Global Authentics (GAI) – Early on, GA was legit, as they had some big-time graders in-house, including Mark Murphy, one of the biggest wax pack collectors/authenticators in the business. However, over time, Global Authentics developed a really bad reputation for authenticating forged signatures – especially many Michael Jordan-signed jerseys and cards. I also have found many fake GA certs. I’m unsure how accurate the lookup function is on their website.

Sports Authority/Steve Klimek – Seen a few fake Jordan autos from Sports Authority, not sure how many are in circulation but these are definitely fakes.

Field Of Dreams – I’ve seen plenty of fake Jordan autos from Field Of Dreams, AVOID!

Authentication Direct – Tons of crap signatures on eBay of Jordan and other big stars. All I have seen from Authentication Direct are junk autos. Most are sold from Memorabilia Auction out of Ohio, I don’t know if the two are related but I would avoid.

In Person Authentics – Garbage autos, avoid.

How To Not Get Scammed If Buying A Jordan Auto

First, if possible, stick to the key authenticators—find Jordan items authenticated by PSA, Beckett, JSA, or UDA.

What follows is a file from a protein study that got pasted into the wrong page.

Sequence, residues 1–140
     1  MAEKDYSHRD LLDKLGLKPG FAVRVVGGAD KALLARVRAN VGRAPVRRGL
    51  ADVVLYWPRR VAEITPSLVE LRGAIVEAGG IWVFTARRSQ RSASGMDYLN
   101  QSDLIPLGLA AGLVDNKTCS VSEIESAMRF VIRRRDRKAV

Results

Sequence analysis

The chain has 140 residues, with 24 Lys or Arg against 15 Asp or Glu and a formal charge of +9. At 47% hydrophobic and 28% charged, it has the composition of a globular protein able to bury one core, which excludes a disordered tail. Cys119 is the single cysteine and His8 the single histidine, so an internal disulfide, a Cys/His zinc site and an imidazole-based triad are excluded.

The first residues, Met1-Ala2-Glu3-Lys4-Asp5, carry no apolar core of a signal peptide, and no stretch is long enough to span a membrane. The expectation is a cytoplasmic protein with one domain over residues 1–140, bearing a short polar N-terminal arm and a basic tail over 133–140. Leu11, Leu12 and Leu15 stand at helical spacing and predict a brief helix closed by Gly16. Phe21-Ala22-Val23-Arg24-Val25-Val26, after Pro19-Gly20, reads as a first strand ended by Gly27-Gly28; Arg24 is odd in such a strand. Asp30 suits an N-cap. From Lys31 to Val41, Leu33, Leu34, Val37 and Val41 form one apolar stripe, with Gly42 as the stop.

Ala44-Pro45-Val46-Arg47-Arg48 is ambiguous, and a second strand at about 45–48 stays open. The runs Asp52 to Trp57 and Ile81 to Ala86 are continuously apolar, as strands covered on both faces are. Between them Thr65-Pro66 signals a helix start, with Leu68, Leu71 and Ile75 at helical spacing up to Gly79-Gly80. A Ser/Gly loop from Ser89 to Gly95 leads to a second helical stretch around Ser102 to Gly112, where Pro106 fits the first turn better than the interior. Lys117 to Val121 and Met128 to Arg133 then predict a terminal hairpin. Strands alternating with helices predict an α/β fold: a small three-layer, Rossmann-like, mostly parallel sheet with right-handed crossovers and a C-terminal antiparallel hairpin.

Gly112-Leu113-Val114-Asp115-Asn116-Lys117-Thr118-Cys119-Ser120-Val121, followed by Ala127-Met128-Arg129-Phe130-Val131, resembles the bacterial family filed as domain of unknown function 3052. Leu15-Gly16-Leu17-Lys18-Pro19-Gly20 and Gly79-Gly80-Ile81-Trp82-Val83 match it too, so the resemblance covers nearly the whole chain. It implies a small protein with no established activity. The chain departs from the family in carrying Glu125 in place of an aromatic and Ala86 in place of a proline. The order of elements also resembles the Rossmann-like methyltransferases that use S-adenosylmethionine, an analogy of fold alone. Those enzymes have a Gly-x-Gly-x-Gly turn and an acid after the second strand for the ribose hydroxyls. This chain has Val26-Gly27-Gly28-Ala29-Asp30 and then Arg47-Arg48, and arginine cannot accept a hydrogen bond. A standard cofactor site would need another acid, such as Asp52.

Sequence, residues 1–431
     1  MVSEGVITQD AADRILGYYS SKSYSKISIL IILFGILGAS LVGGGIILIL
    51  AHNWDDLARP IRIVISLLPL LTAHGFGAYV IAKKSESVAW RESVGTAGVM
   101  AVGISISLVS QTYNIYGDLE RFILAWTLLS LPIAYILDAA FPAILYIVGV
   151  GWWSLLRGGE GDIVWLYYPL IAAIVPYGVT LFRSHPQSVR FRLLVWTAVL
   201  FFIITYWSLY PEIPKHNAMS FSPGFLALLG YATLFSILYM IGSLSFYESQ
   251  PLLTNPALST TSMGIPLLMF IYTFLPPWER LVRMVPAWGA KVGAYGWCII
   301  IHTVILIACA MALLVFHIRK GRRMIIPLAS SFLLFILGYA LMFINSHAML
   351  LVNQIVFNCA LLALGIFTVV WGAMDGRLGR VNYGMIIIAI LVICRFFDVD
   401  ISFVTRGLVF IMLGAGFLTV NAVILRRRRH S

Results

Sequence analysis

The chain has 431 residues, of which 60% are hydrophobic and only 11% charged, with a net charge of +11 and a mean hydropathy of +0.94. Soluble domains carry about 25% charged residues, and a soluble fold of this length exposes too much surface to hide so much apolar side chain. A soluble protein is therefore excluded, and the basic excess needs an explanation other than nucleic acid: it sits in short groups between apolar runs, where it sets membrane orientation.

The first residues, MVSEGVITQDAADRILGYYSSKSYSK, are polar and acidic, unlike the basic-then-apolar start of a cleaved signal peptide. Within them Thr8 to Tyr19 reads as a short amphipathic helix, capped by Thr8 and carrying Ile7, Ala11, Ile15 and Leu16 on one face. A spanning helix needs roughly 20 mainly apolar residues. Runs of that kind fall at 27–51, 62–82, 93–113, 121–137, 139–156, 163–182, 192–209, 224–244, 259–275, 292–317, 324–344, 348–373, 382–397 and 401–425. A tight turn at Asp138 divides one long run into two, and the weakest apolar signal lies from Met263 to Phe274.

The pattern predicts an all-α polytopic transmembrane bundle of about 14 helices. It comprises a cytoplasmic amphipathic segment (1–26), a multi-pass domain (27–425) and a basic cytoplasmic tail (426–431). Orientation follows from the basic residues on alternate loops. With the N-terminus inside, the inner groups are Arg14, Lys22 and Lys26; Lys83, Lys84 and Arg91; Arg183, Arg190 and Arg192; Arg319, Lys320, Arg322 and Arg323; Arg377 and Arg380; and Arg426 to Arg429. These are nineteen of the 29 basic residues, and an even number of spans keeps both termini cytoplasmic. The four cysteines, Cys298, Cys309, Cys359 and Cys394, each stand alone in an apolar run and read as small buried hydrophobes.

Second, compare the signature in question to other Jordan autographs. Jordan signatures are not cheap, in many cases you’ll be spending multiple thousands of dollars, so spend your time evaluating.

An authentic UDA authenticated Jordan signed warm-up jersey is on sale now on eBay for $13K!

Pull up as many REAL autos that resemble the signed item you are buying. Look at the PSA website for legit Jordan autos, or search eBay for PSA or UDA-authenticated Jordan autographs.

Even for signed items authenticated by the big grading companies, it can be worth spending the $10 on a quick signature review from Beckett or PSA.